Helping Teens Cope with Grief

Rev. Deb Koster

June 6, 2024

We are all just a phone call away from our world turning upside-down. Grief is a very real part of life in our broken world even for teenagers. Classmates die in car accidents, parents divorce, and family members you love battle life-threatening illnesses. It is hard enough when we face these challenges as adults, but for grieving teens, the world is even more complicated. They are processing loss with a limited understanding of God, a still-developing brain, and an incomplete toolset for managing big emotions. For parents who may well be grieving themselves, it can present a significant parenting challenge to care for our teenagers through the grieving process.

Recognizing the challenges

Grief brings new, heavy emotions to the surface. The teen brain is still developing into the early 20’s, so teens do not yet have fully developed decision-making capability or impulse control. Teens may lack the capacity to express big emotions, much less to process or make sense of their emotional overwhelm. When these big feelings go untended, teens may respond in unhealthy ways such as substance abuse, defiance, or self-harm. They may blame themselves or lash out or withdraw as they try to process the emotions they are experiencing.

More than just emotions

While grief looks like an emotional challenge, it impacts all aspects of our lives. In our spiritual lives, we may question where God is and wonder how God could allow this suffering to happen to us. Grief can impact our self-identity when we feel betrayed and unloved by God. Trauma can cloud judgment and lead to poor decision-making. Our thinking gets intertwined with grief and our capacity for abstract thinking gets diminished. Motivation can suffer as grief robs us of enthusiasm for facing a new day in the shadow of loss. The trauma we carry affects us physically as well; our bodies do indeed keep a record of the pains we have encountered.

Missing perspective

Without the life experience to put a loss in perspective, teens may feel overwhelmed. Teen's still-developing capacity for abstract thinking may lead them to hyper-focus on the issue and miss seeing the resources at their disposal or their own capability for navigating this hard season. It is normal for teens to question whether God is good and loving when they experience grief. Parents need not feel threatened when their teens express doubts. Teens who are focused on death and loneliness can find themselves in a downward spiral of hopelessness. Teens need safe spaces to process big feelings so they don’t evolve into self-hatred or self-harm. As parents, we need to help them process their feelings without an unhealthy focus that keeps them from experiencing God’s faithful presence even in seasons of very real pain.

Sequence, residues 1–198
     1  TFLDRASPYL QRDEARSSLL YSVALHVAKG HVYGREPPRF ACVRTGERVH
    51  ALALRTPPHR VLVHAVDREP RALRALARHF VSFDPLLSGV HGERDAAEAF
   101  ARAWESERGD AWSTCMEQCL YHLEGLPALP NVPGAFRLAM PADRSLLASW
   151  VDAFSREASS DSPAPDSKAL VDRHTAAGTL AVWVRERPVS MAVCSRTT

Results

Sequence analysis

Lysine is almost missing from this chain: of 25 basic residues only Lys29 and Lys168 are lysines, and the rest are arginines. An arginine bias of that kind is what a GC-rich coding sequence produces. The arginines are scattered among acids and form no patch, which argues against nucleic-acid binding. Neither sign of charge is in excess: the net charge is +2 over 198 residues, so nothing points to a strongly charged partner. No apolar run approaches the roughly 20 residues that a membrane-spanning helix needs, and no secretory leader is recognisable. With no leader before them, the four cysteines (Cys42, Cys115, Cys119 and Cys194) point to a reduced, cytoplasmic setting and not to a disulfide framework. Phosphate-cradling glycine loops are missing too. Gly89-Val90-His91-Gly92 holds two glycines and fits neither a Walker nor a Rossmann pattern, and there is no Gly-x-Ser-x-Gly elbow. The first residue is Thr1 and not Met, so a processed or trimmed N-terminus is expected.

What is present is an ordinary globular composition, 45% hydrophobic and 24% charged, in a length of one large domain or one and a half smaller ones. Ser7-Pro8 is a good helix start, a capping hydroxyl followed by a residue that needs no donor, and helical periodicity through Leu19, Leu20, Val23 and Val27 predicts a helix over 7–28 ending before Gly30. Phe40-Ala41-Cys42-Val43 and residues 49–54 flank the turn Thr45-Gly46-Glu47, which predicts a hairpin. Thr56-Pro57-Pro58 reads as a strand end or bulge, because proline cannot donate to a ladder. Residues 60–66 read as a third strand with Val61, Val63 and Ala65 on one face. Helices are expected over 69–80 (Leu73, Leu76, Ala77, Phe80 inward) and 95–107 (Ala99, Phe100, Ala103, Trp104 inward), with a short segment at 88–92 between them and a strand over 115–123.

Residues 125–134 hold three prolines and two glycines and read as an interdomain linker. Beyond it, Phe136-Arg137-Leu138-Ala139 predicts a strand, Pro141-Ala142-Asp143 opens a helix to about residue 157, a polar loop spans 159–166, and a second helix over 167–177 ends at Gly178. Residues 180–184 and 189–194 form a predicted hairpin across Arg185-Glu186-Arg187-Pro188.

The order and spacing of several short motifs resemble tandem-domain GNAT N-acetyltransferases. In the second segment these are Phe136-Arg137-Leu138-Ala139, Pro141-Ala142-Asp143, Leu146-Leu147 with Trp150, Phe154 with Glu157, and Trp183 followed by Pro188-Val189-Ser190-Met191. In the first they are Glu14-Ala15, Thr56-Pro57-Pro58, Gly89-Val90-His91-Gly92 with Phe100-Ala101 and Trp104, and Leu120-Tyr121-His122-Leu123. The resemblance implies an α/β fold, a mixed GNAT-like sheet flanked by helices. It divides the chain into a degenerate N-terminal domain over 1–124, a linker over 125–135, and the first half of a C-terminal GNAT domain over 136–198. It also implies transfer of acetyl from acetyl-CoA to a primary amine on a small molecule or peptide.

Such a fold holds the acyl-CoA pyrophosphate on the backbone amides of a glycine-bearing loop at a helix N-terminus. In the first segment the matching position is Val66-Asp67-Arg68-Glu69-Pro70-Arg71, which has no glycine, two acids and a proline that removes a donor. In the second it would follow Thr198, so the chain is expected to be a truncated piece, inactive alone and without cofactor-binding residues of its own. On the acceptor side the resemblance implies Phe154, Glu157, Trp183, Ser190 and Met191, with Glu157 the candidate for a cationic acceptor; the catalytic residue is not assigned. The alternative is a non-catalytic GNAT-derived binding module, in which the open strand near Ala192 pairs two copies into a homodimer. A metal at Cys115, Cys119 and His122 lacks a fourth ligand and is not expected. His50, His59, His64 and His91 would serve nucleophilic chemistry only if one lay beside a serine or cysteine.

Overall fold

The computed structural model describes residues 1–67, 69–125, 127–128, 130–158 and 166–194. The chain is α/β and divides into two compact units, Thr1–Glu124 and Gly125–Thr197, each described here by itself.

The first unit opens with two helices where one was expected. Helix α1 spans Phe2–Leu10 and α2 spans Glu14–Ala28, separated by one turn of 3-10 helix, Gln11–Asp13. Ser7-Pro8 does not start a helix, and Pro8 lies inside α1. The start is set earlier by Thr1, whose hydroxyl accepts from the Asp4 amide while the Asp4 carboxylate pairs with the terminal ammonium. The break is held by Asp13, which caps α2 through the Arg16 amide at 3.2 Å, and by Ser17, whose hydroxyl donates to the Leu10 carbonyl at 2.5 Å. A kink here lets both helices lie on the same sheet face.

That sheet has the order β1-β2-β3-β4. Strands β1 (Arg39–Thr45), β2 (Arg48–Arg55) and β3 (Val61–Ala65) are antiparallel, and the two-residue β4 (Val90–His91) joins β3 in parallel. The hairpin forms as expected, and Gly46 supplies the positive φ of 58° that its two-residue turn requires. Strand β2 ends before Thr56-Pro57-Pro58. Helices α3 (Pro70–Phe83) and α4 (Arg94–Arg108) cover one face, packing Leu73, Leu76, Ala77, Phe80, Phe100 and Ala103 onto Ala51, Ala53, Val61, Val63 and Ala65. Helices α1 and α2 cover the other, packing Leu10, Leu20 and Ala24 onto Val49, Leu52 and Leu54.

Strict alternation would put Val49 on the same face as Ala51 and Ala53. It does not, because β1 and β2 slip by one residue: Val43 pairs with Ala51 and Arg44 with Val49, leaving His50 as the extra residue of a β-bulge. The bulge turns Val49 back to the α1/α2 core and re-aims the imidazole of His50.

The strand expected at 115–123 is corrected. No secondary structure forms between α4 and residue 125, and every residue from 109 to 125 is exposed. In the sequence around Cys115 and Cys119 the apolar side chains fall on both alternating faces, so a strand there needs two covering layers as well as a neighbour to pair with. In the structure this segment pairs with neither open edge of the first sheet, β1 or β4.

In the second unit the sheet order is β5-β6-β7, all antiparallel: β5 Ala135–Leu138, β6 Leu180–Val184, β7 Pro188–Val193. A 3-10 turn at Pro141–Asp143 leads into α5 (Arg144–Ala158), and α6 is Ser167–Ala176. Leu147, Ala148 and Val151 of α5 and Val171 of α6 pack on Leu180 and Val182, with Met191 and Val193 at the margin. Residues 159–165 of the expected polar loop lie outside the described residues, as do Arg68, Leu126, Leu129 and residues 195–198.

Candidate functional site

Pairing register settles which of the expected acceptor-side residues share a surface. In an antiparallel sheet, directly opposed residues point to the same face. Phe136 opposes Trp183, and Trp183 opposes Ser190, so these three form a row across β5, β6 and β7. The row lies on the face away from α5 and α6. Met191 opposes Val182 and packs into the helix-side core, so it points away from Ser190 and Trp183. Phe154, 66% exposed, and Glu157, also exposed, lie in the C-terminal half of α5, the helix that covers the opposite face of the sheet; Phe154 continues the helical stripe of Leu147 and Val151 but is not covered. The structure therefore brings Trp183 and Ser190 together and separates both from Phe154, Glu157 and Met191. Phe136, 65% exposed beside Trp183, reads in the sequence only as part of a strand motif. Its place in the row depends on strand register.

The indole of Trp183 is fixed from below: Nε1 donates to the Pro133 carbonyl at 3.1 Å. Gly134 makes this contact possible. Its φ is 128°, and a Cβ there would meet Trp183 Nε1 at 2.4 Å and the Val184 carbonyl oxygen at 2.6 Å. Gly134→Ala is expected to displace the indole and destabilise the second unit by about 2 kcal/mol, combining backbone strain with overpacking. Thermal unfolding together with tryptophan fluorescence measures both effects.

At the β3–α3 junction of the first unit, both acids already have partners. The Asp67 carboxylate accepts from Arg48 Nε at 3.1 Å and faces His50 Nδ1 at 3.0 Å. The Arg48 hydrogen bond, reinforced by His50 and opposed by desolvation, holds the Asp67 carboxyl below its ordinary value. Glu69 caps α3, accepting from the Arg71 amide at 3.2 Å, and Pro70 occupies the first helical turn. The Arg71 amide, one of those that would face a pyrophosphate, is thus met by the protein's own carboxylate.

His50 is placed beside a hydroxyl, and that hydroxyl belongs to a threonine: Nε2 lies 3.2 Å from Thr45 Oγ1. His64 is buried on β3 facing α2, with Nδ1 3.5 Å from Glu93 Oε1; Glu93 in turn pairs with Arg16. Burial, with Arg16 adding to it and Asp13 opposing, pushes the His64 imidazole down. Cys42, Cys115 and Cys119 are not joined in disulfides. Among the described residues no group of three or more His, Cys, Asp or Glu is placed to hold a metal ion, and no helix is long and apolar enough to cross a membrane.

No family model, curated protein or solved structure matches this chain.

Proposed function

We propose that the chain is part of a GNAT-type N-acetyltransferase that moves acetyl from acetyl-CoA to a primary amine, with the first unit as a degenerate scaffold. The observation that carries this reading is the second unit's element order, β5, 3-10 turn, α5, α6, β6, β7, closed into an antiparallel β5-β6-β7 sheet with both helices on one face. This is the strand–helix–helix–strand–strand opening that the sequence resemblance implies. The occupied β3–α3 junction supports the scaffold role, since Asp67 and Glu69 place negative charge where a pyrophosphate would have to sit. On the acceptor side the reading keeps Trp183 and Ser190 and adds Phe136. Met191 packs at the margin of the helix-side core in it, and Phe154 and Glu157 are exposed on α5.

Derailing developmental tasks

Grief can interfere with normal developmental tasks and we may see regression in our kids as they wrestle with the pain in their lives. Psychoanalyst Erik Erikson described the stages of psychosocial development and explains how teens are in the process of exploring their identity and discovering who God has made them to be. As they experience the world and its challenges, they begin to wonder about their role in God’s big story. Teens are still discerning their gifts and curious about how they can contribute to the world. Peers play an influential role in the lives of teens as they discern who they want to be as adults. Grieving a loss or dealing with significant trauma impacts one’s ability to accomplish these developmental tasks. Some teens may move toward isolation, while others may become hyper-social. These social shifts may help them cope with pain at the moment, but they may be unhealthy when they don’t allow teens to process their heavy emotions. Even when they understand their behaviors may not be healthy, they may react defensively when confronted.

As parents, we need to be empathic toward our children as they face what to them feels like overwhelming challenges. Even as they may be experiencing their own grief, parents need to recognize how much grieving children, including teens, need their parents' comfort. Supporting their teens through the hard seasons isn’t easy and parents will benefit from leaning into their support systems.

Start with self-care

We can’t give what we don’t have, so consider how you could care well for yourself. Extending grace to ourselves and others will help us find the strength and encouragement to get through hard times. Allow others the chance to support you. Get the support of a licensed Christian counselor to help you process your concerns and make wise choices in navigating this hard season. Modeling good self-care is a gift to our families.

Lean into faith